Written by Jeff Stone
Mastercard is getting into the security assessment business.
The credit giant announced Monday it has agreed to acquire RiskRecon, a Salt Lake City-based startup that grades companies based on their ability to withstand cyberattacks and protect personally identifiable information. The companies did not disclose the terms of the deal.
RiskRecon is one of several firms that collect publicly available data — such as what kind of web servers companies use and whether their protected information turns up on the dark web — to make cybersecurity assessments. Mastercard has an obvious financial interest in understanding which companies are more likely to be breached.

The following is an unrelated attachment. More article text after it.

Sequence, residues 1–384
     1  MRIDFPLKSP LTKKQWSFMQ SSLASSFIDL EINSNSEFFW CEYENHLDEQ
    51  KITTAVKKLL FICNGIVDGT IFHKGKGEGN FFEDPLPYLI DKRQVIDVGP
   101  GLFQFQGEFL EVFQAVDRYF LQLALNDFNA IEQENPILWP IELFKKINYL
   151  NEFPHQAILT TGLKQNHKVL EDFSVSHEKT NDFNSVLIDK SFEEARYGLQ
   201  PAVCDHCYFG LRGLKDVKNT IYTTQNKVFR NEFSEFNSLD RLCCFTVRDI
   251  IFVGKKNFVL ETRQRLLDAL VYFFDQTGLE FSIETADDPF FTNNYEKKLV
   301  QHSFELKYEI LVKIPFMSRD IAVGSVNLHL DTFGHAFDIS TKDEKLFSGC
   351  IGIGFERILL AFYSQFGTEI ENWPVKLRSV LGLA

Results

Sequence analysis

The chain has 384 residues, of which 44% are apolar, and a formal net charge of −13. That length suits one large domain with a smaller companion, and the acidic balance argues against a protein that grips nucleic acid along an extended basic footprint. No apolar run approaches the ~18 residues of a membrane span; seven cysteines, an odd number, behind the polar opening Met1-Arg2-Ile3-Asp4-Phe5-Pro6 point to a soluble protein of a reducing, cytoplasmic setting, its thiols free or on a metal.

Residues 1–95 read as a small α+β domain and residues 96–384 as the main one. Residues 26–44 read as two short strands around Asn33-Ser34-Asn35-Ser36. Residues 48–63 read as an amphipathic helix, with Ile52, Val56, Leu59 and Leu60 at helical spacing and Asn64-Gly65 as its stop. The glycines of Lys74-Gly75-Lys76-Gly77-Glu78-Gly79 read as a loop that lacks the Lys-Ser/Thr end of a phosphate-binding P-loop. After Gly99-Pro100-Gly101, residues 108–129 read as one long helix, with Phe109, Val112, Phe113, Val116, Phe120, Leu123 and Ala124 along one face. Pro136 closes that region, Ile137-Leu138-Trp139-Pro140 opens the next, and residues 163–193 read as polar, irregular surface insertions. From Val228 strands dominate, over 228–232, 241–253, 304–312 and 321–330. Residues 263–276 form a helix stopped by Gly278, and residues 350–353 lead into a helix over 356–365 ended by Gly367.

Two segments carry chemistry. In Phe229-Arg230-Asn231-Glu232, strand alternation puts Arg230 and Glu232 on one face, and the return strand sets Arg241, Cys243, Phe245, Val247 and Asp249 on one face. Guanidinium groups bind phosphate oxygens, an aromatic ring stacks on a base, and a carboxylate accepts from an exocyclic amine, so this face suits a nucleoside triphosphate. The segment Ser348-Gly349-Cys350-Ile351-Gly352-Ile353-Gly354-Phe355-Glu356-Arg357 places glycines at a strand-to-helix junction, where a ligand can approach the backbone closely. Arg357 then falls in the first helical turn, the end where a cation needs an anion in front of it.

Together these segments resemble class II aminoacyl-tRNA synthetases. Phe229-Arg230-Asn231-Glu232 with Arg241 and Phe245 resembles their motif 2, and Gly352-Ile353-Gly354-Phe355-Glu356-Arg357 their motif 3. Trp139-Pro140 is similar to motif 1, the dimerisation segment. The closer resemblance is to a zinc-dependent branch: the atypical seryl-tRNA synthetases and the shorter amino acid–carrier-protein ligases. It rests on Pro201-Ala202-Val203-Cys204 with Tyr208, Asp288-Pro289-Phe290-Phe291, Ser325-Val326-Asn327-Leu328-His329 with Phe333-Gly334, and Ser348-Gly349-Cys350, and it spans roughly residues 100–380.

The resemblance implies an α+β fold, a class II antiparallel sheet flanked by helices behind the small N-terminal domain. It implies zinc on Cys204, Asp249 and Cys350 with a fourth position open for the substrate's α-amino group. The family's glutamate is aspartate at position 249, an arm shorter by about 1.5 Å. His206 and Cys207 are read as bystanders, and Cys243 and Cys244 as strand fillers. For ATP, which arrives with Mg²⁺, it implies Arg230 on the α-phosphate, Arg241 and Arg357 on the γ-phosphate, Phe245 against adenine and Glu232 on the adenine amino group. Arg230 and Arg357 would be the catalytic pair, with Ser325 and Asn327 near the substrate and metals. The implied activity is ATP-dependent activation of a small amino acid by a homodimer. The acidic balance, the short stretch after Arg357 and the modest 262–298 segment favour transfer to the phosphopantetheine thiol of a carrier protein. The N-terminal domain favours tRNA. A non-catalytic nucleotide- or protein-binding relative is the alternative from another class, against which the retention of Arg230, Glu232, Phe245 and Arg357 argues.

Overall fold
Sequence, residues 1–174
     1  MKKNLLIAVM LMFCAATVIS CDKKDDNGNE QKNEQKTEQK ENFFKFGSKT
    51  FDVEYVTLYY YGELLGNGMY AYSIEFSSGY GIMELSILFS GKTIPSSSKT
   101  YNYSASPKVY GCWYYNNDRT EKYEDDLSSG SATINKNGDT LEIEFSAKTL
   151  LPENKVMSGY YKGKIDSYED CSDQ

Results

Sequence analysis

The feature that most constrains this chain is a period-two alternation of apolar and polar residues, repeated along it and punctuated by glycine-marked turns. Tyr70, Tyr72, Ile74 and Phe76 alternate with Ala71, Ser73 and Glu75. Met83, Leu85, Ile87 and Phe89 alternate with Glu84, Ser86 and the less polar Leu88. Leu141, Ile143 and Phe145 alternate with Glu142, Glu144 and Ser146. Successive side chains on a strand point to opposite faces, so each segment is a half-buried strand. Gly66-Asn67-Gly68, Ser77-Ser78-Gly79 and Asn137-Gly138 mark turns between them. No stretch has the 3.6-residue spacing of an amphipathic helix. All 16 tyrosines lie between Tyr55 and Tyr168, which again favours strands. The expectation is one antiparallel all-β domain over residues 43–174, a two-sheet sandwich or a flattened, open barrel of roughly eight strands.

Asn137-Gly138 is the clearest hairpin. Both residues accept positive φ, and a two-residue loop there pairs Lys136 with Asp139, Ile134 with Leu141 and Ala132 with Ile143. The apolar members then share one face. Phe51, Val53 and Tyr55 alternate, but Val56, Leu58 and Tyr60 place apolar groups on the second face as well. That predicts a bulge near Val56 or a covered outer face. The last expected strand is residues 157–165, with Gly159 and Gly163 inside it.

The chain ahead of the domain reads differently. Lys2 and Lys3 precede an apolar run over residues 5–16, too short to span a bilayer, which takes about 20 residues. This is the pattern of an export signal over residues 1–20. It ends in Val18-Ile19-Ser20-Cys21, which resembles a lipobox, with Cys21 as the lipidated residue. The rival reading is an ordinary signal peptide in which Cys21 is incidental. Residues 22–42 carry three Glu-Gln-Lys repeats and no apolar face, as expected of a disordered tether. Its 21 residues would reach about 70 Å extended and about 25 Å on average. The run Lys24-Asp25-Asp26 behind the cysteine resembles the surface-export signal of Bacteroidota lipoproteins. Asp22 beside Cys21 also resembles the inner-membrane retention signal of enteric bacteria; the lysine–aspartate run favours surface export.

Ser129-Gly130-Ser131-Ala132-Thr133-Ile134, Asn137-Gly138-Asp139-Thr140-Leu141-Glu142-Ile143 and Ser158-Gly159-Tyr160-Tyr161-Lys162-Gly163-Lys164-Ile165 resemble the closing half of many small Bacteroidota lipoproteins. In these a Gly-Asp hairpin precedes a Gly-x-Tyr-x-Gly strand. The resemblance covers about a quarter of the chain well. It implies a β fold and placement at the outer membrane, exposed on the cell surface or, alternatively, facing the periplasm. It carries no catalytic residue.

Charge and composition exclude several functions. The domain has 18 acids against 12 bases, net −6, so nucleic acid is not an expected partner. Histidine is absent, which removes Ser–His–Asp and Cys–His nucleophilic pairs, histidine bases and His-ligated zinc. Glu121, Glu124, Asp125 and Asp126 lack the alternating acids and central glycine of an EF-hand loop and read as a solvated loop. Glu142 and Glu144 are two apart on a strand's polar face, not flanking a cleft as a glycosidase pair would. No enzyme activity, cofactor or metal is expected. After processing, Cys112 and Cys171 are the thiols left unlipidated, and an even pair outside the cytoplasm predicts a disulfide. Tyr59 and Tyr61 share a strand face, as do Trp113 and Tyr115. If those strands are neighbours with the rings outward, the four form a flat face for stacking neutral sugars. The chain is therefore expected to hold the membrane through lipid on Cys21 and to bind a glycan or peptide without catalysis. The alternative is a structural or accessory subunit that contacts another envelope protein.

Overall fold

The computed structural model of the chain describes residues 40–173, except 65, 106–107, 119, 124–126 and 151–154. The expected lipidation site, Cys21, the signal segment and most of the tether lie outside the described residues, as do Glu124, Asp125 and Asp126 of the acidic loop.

CEO Ajay Banga has pushed for awareness that most data breaches start at small and medium-sized businesses (SMBs) and then spread to larger ones. Banga is a member of the Cyber Readiness Institute, a Washington nonprofit that distributes cybersecurity advice to SMBs.
“Mastercard has been one of the brands that has stood out as a true innovator, focusing on the real problems of real business,” RiskRecon co-founder Kelly White said in a statement. “By becoming a part of their team, we have an opportunity to scale our solution and help companies in new industries and geographies take steps to better manage their cybersecurity risk.”
RiskRecon previously had raised $40 million from investors including General Catalyst, Accel and F-Prime Capital. The latest funding round occurred in August 2018. Competitors like SecurityScorecard and BitSight have raised $112 million and $151 million, respectively.
Mastercard previously acquired NuData, which specializes in securing connecting devices, and Ethoca, an anti-fraud firm.
The RiskRecon deal is expected to close in the first quarter of 2020.